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You are Here: Home > Blog > Is your social networking your employer’s business?

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Is your social networking your employer’s business?

Tuesday, May 19th, 2009

According to a recent Ethics & Workplace Survey by Deloitte LLP, most of the executive-level bosses surveyed think that employee social networking behavior is, in fact, their business.

60 percent of the executives surveyed believe that they have a right to know how employees portray themselves and their employers in online social networks, such as Facebook, Twitter, MySpace, LinkedIn and YouTube.

On the flip side, 53 percent of employees surveyed disagreed with the bosses, indicating that what they post in social networks is none of their employers’ business.

Workers of age 18–34, an age group more likely to often participate in social networking, disagreed the most, as 63 percent indicated that their bosses have no business snooping their online activities.

However, 74 percent of all employees surveyed admitted that social networks make it easier to damage an employer’s reputation. 22 percent said that they visit social networking sites at least five times a week, while 23 percent said one to four times and 10 percent said once. 

In the related press release, Sharon Allen, Chairman of the Board at Deloitte LLP, had this to say about that:

“With the explosive growth of online social networks, such as Facebook and Twitter, rapidly blurring the lines between professional and private lives, these virtual communities have increased the potential of reputational risk for many organizations and their brands.”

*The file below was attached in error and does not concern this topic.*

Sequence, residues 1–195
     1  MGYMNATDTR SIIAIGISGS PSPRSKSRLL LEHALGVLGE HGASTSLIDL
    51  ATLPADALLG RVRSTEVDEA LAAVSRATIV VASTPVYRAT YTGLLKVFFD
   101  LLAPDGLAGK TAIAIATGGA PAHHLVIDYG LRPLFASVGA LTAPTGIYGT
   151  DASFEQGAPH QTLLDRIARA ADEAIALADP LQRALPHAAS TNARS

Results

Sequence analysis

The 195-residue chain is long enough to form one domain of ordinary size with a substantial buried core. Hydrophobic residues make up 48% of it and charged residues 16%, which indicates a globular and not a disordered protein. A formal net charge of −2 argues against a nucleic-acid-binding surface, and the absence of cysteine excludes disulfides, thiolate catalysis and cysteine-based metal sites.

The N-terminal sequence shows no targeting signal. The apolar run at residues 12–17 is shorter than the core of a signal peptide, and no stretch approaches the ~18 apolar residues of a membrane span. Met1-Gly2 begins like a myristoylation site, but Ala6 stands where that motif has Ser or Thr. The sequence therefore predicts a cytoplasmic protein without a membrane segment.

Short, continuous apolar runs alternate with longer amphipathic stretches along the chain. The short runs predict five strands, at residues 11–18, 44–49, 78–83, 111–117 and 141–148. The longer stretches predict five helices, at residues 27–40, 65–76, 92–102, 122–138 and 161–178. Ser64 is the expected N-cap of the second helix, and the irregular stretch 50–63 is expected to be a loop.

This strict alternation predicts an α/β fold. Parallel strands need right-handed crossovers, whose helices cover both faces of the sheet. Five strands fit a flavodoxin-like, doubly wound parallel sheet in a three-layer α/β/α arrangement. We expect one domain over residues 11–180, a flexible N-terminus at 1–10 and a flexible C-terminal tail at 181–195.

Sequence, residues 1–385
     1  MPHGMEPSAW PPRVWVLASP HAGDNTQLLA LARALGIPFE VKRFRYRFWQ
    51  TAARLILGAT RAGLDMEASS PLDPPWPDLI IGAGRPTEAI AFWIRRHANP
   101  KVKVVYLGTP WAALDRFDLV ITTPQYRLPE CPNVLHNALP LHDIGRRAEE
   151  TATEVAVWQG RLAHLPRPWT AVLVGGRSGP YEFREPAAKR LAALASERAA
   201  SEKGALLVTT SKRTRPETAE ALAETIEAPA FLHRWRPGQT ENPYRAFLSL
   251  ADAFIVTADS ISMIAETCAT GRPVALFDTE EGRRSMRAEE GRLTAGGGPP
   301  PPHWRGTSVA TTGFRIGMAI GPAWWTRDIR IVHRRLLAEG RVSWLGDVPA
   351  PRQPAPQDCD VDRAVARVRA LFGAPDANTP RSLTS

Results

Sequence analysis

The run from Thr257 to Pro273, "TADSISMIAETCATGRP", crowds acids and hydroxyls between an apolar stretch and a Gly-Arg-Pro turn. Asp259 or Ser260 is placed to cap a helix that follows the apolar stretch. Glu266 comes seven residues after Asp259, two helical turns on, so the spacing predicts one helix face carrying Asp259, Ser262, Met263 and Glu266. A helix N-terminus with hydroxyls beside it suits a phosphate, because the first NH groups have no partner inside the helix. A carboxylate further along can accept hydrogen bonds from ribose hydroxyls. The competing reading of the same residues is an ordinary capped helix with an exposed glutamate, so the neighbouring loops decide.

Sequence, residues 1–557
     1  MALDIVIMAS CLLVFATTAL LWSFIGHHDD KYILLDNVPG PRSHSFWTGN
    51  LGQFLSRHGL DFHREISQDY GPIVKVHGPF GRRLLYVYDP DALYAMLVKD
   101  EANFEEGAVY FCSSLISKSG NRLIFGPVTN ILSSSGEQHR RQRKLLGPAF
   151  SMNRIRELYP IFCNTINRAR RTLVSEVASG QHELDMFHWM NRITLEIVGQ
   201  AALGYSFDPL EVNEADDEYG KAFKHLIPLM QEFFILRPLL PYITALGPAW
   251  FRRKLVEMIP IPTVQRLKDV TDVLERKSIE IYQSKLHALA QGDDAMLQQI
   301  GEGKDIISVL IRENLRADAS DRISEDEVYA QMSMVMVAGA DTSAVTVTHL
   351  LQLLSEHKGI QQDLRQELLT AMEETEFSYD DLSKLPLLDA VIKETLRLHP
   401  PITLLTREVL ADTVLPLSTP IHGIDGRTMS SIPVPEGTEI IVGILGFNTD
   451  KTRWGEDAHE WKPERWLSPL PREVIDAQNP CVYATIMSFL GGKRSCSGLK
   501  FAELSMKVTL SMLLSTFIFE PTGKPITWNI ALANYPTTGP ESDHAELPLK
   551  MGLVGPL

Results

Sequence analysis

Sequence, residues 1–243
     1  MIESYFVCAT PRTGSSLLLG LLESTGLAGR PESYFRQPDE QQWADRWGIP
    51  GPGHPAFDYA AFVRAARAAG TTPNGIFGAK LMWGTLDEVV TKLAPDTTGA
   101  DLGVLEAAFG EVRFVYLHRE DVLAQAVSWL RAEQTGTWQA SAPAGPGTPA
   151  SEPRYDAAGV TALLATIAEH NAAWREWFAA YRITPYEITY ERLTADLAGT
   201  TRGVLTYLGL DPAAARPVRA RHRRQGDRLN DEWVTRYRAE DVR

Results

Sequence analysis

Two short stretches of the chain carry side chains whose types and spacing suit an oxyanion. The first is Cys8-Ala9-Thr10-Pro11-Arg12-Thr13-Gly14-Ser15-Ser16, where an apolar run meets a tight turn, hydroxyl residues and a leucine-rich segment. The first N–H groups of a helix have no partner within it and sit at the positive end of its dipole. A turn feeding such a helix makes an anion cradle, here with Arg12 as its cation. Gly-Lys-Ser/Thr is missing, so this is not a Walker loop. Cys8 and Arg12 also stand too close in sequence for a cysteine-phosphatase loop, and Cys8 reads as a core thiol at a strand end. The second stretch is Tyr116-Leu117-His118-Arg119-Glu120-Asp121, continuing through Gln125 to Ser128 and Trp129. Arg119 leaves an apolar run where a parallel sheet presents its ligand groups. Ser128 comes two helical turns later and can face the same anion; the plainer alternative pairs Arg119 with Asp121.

Even so, only 17 percent of executives surveyed indicated that they have procedures in place to monitor and reduce the potential reputational risks associated with social networking. However, 30 percent confessed that they informally snoop social networking sites.

Only 22 percent of employers surveyed said they have formal policies regarding employee use of social networks. Regardless, 49 percent of employees surveyed indicated that such policies would not change their social networking behavior anyway.

27 percent of employees surveyed indicated that they don’t consider the ethical consequences of posting comments, photos and such to social networks. More than one-third indicated that they rarely or never consider what their boss (37%), colleagues (37%) or clients (34%) would think about what they post either.

Update: Deloitte has released a more recent version of its Ethics & Workplace Survey.

For more about employee privacy—or rather, the lack of it—see Employee Workplace Privacy Rights here at Employeeissues.com.

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